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in accordance with Section 19(G) of Philippine
Overseas Employment Administration (POEA) Memorandum Circular No. 55, series of 1996 which states:

G. A seaman who requests for early termination of his contract shall be liable for his repatriation cost as well as the transportation cost of his replacement.
The employer may, in case of compassionate grounds, assume the transportation cost of the seafarers replacement.
Skippers also prayed for payment of moral damages and attorneys fees.
34


The Decision of the Labor Arbiter


The Labor Arbiter rendered his Decision on 18 February 2002, with its dispositive portion declaring:

WHEREFORE, judgment is hereby rendered dismissing herein action for lack of merit. Respondents claim for reimbursement of the expenses they incurred
in the repatriation of complainant Nathaniel Doza is likewise dismissed.

SO ORDERED.
35



The Labor Arbiter dismissed De Gracia, et al.s complaint for illegal dismissal because the seafarers voluntarily pre-terminated their employment contracts by
demanding for immediate repatriation due to dissatisfaction with the ship.
36
The Labor Arbiter held that such voluntary pre-termination of employment contract is akin
to resignation,
37
a form of termination by employee of his employment contract under Article 285 of the Labor Code. The Labor Arbiter gave weight and credibility to
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the telex of the master of the vessel to Skippers, claiming that De Gracia, et al. demanded for immediate repatriation.
38
Due to the absence of illegal dismissal,
De Gracia, et. al.s claim for salaries representing the unexpired portion of their employment contracts was dismissed.
39


The Labor Arbiter also dismissed De Gracia et al.s claim for home allotment for December 1998.
40
The Labor Arbiter explained that payment for home allotment is in
the nature of extraordinary money where the burden of proof is shifted to the worker who must prove he is entitled to such monetary benefit.
41
Since De Gracia, et al.
were not able to prove their entitlement to home allotment, such claim was dismissed.
42


Lastly, Skippers claim for reimbursement of repatriation expenses was likewise denied, since Article 19(G) of POEA Memorandum Circular No. 55, Series of 1996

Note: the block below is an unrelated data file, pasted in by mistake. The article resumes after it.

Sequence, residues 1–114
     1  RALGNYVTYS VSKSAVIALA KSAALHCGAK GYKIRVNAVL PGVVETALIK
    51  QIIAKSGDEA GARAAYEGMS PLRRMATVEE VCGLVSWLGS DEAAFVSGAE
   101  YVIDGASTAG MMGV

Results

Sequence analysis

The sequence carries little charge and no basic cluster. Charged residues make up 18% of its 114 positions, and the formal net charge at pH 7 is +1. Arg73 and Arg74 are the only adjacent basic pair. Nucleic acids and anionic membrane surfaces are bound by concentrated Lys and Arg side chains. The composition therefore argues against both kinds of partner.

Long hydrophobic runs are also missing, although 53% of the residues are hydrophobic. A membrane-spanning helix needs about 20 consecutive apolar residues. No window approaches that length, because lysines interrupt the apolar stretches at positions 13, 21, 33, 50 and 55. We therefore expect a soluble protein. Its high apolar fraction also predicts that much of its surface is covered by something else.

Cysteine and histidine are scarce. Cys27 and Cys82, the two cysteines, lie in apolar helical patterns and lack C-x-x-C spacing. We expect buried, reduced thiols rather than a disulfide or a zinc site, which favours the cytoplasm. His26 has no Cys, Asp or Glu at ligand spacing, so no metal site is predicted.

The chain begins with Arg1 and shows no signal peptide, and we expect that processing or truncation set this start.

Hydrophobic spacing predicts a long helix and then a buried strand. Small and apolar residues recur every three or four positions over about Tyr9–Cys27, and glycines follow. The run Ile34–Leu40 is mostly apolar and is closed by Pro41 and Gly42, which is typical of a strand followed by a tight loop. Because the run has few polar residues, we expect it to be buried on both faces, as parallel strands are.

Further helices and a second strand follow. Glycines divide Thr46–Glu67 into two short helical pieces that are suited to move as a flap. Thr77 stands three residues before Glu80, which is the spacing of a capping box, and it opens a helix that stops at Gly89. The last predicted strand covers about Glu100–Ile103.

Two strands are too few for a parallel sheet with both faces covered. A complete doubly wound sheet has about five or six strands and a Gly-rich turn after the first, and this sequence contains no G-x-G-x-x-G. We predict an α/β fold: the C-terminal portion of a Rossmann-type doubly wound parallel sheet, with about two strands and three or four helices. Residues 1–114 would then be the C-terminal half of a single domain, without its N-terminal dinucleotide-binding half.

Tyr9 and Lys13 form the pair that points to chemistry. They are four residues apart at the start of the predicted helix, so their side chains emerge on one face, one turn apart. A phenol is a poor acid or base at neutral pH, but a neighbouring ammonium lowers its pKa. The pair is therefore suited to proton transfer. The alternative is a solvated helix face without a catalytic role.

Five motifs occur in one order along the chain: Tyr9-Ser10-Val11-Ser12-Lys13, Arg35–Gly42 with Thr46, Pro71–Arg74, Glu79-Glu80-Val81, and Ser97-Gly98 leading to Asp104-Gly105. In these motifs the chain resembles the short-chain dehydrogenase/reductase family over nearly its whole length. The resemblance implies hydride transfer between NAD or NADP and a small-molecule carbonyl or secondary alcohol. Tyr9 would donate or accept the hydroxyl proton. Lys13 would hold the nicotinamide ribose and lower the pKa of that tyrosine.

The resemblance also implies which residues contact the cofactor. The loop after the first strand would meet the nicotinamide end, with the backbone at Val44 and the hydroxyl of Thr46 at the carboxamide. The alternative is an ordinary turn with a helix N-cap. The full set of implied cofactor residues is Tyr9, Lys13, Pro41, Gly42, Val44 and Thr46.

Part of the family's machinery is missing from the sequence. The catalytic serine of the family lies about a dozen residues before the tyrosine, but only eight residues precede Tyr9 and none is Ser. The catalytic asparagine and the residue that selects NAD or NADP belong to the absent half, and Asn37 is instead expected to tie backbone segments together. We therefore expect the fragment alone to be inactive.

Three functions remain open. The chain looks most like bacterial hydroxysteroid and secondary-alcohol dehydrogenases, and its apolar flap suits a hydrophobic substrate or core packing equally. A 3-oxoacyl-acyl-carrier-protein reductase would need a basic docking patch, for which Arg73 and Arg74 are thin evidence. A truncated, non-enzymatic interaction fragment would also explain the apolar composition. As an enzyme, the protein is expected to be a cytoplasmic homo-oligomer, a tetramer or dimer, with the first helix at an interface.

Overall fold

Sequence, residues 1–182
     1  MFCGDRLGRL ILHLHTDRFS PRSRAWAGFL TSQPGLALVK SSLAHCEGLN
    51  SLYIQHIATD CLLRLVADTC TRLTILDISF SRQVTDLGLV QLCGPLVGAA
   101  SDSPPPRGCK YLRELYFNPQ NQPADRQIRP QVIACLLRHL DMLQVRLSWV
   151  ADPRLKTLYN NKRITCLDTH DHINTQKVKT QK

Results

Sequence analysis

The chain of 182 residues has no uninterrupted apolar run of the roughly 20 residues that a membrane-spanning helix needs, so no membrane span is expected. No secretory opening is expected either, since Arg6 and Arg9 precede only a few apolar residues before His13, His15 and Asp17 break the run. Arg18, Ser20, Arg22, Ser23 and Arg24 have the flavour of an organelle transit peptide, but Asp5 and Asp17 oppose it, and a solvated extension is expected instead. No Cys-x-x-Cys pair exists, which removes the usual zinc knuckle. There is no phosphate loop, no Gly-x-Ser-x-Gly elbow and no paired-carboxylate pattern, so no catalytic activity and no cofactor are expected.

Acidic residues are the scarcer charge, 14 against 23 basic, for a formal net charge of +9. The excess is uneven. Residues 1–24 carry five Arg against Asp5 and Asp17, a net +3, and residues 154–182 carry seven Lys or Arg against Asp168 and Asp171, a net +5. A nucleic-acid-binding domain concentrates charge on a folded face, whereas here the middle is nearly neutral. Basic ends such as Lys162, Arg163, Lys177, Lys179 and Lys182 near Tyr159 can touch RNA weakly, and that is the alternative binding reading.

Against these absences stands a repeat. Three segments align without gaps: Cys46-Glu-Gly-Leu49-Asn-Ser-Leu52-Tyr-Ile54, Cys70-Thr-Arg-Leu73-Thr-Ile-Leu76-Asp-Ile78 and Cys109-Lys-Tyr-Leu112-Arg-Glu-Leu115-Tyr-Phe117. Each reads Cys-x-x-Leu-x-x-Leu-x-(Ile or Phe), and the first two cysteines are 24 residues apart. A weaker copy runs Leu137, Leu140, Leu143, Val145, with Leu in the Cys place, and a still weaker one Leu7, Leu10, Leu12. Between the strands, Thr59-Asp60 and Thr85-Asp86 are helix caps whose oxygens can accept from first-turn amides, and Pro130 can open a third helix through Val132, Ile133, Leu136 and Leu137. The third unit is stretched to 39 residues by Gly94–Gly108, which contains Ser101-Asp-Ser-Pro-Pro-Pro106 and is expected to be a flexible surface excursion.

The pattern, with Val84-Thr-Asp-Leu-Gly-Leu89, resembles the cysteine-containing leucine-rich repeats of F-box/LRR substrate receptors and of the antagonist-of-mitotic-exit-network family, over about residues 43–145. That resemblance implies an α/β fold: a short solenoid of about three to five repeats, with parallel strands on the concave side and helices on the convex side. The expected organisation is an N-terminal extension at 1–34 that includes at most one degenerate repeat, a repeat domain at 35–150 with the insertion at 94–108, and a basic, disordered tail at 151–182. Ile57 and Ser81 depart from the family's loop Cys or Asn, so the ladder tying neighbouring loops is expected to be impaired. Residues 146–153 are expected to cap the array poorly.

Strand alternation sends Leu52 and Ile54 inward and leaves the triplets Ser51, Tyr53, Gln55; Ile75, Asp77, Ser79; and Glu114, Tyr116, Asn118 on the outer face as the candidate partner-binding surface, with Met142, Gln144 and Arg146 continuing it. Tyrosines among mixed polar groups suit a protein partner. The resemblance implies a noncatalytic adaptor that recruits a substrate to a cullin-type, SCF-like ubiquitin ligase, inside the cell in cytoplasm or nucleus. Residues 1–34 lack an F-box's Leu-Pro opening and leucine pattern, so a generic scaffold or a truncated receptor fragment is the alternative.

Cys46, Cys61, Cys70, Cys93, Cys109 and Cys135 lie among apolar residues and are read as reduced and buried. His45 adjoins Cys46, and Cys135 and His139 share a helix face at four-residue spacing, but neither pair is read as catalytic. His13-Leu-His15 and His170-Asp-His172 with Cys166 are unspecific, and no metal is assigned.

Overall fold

allows the employer, in case the seafarer voluntarily pre-terminates his contract, to assume the repatriation cost of the seafarer on compassionate grounds.
43


The Decision of the NLRC

The NLRC, on 28 October 2002, dismissed De Gracia, et al.s appeal for lack of merit and affirmed the Labor Arbiters decision.
44
The NLRC considered De Gracia, et
al.s claim for home allotment for December 1998 unsubstantiated, since home allotment is a benefit which De Gracia, et al. must prove their entitlement to.
45
The
NLRC also denied the claim for illegal dismissal because De Gracia, et al. were not able to refute the telex received by Skippers from the vessels master that
De Gracia, et al. voluntarily pre-terminated their contracts and demanded immediate repatriation due to their dissatisfaction with the ships operations.
46


The Decision of the Court of Appeals

The CA, on 5 July 2006, granted De Gracia, et al.s petition and reversed the decisions of the Labor Arbiter and NLRC, its dispositive portion reading as follows:

WHEREFORE, the instant petition for certiorari is GRANTED. The Resolution dated October 28, 2002 and the Order dated August 31, 2004 rendered by
the public respondent NLRC are ANNULLED and SET ASIDE. Let another judgment be entered holding private respondents jointly and severally liable to
petitioners for the payment of:

1. Unremitted home allotment pay for the month of December, 1998 or the equivalent thereof in Philippine pesos:
a. De Gracia = US$900.00
b. Lata = US$600.00
c. Aprosta = US$600.00
2. Salary for the unexpired portion of the employment contract or for 3 months for every year of the unexpired term, whichever is less, or the equivalent thereof
in Philippine pesos:
a. De Gracia = US$2,400.00
b. Lata = US$1,800.00
c. Aprosta = US$1,800.00
3. Attorneys fees and litigation expenses equivalent to 10% of the total claims.

SO ORDERED.
47


The CA declared the Labor Arbiter and NLRC to have committed grave abuse of discretion when they relied upon the telex message of the captain of the vessel stating
that De Gracia, et al. voluntarily pre-terminated their contracts and demanded immediate repatriation.
48
The telex message was a self-serving document that does not
satisfy the requirement of substantial evidence, or that amount of relevant evidence which a reasonable mind might accept as adequate to justify the conclusion that
petitioners indeed voluntarily demanded their immediate repatriation.
49
For this reason, the repatriation of De Gracia, et al. prior to the expiration of their contracts
showed they were illegally dismissed from employment.
50


In addition, the failure to remit home allotment pay was effectively admitted by Skippers, and prayed to be offset from the repatriation expenses.
51
Since there is no
proof that DeGracia, et al. voluntarily pre-terminated their contracts, the repatriation expenses are for the account of Skippers, and cannot be offset with the home
allotment pay for December 1998.
52


No relief was granted to Doza due to lack of factual basis to support his petition.
53
Attorneys fees equivalent to 10% of the total claims was granted since it involved an
action for recovery of wages or where the employee was forced to litigate and incur expenses to protect his rights and interest.
54


The Issues

Skippers, in its Petition for Review on Certiorari, assigned the following errors in the CA Decision:

a) The Court of Appeals seriously erred in not giving due credence to the masters telex message showing that the respondents voluntarily requested to be
repatriated.

b) The Court of Appeals seriously erred in finding petitioners liable to pay backwages and the alleged unremitted home allotment pay despite the finding of
the Labor Arbiter and the NLRC that the claims are baseless.